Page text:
Cattle: Steady-$2 HR Futures: 50-100 HR Live Equiv: $136.33 + .38*
Hogs: $1-2 LR Futures: 50-100 LR Lean Equiv: $ 76.73 -1.56**
* based on formula estimating live cattle equivalent of gross packer revenue
** based on formula estimating lean hog equivalent of gross packer revenue
Monday's action in the cattle trade should be typically slow as packers limit their focus on the assessment of new showlists. Given how aggressive beef producers responded to higher packer bids late Friday ($113 to $114 live; $178 dressed), we expect the new fed offering to be generally smaller, especially in the North. Live and feeder futures are geared to open higher thanks to short-covering, technical buying and the premium of cash feedlot trade.
Chances are good that hog buyers will continue to pound away at the cash market thanks to ample offerings and struggling pork demand. Cash bids Monday should open $1 to $2 lower. Lean futures seem set to open at least moderately lower, pressured by follow-through selling and bearish fundamentals.
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Feedlot managers demonstrated superior cash leverage late Friday, forcing short-bought packers to spend $1 to $2 more for ready cattle.
Seasonally, August live cattle futures tends to strengthen into early August and then deteriorate toward expiration.
By surging to its highest close since March 14, spot August live seems ready to support firm country sales through the late-summer period. October and December are on the verge of breaking out of lateral ranges in place since before Memorial Day.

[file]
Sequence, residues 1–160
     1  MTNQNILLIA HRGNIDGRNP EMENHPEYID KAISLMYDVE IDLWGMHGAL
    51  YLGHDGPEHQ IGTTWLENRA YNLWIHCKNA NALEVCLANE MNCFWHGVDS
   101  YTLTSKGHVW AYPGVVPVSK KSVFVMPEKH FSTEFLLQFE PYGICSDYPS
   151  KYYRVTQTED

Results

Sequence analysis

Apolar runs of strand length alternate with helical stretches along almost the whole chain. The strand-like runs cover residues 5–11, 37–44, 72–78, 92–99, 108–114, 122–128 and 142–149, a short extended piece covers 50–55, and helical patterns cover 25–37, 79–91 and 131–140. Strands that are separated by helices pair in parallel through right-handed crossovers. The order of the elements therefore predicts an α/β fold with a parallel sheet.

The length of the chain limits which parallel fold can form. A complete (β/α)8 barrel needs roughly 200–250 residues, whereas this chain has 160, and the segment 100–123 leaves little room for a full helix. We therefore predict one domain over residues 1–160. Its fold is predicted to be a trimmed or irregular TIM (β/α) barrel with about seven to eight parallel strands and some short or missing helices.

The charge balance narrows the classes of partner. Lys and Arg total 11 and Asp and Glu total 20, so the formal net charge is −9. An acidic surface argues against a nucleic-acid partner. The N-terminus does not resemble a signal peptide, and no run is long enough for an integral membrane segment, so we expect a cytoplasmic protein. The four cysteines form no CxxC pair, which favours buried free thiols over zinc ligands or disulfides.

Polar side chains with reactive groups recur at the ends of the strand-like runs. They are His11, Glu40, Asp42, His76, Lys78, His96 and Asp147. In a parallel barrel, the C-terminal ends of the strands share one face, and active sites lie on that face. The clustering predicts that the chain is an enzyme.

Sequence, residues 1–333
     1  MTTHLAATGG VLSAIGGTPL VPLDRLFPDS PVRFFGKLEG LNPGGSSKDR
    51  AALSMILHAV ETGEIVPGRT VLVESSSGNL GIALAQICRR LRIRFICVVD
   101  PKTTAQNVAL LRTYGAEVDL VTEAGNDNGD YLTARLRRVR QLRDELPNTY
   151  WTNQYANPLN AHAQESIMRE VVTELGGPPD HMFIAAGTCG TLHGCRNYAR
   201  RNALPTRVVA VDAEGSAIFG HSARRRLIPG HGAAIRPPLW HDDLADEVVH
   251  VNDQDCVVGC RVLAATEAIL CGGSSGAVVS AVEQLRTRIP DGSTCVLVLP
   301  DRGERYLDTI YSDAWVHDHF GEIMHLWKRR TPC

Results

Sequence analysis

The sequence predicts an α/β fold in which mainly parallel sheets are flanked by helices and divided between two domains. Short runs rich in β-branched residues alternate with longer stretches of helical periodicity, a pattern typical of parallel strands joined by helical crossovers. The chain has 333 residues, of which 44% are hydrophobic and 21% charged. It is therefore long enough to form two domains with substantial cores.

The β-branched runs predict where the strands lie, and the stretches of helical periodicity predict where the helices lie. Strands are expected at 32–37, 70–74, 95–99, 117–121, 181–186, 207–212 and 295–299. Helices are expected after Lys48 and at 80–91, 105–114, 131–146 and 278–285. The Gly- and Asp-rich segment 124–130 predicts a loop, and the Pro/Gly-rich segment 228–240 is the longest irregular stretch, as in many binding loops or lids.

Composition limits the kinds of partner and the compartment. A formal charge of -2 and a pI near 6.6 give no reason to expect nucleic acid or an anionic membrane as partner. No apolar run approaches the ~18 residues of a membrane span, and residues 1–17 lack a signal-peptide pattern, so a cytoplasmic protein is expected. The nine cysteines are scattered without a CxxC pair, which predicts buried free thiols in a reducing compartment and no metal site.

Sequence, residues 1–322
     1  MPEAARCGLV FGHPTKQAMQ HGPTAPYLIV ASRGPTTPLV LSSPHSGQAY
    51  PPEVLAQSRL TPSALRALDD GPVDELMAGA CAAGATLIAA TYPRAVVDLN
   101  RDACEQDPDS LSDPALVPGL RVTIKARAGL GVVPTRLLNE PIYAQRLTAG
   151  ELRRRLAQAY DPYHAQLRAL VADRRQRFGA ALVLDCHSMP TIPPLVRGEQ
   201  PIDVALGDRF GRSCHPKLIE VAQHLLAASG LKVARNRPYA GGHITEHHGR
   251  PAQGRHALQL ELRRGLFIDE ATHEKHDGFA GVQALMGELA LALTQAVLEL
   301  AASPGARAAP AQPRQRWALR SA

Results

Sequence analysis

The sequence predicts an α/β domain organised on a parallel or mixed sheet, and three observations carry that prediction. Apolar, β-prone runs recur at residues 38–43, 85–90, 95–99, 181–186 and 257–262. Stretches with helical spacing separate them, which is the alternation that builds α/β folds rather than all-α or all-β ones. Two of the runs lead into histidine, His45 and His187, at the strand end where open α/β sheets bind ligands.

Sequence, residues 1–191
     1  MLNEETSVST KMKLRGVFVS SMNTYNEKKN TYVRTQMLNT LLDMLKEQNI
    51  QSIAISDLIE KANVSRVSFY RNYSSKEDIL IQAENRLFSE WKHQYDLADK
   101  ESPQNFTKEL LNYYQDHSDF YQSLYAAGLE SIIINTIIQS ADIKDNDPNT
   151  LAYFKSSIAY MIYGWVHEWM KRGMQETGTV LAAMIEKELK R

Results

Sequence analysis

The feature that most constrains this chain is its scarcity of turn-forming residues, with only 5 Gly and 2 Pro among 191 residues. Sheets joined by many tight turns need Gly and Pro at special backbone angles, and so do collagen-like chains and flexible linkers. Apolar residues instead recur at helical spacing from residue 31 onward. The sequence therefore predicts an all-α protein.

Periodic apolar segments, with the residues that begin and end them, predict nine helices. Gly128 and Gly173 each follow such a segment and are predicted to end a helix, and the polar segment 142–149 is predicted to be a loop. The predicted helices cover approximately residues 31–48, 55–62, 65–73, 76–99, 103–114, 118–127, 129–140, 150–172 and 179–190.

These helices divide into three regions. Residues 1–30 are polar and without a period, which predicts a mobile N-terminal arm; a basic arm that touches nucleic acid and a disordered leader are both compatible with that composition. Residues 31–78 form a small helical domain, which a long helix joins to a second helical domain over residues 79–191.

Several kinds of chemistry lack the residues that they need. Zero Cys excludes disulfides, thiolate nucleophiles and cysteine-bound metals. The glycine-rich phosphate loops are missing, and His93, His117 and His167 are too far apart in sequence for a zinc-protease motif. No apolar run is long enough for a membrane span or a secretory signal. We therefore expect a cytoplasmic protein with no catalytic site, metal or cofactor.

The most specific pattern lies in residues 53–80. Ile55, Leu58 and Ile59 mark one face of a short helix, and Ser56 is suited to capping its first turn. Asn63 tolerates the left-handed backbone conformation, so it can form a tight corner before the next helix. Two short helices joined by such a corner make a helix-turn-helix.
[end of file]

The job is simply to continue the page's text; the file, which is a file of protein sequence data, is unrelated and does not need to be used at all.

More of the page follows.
Dry conditions continue to pressure the cow-calf sector, leading to declining pasture conditions, bringing larger quantities of cows to market, and portending a more difficult back half of 2018 than a year ago.
The latest job figures (i.e., 157,000 added in July) follow a steady stream of hiring gains and a robust reading on economic growth. Although the overall gain for July came in slightly below expectations, figures for payroll increases in May and June were revised substantially higher.
Responding in part to a big jump in weekly hog slaughter (i.e., 2.3 million), the pork carcass value fell hard again on Friday, especially after being torpedoed by a $10.33 drop in the belly primal.
The pork cutout is forecast for support this week as several primals have renewed interest and demand for Labor Day preparations already. Perhaps this will help spark the seasonal tendency of August lean hogs to appreciate in value entering their expiration period.
For the week ending July 31, noncommercial traders increased their short position in lean hog futures by 3,500 contracts, now totaling 26,500 net-short.
CATTLE: (Beef Central) -- Beef exports during July continued to surge, in line with high rates of drought liquidation-driven beef kill that has continued later into the year than what many had anticipated.
July's monthly export tonnage 105,157t is easily the highest this year, and appears to be the biggest monthly number since December 2015, which came at the end of prolonged near record-high 2015 cattle turnoff due to drought.
MLA's recent mid-year projections update clearly showed the strength of beef kills during the first half of the year. Ongoing drought conditions combined with a surge in female turn-off has promoted MLA to lift its forecast for 2018 calendar year adult slaughter to 7.8 million head, 9pc higher than the 2017 total. For the first six months of 2018, Australian adult cattle slaughter totaled 3.1m head -- an increase of 11pc, from the same period last year.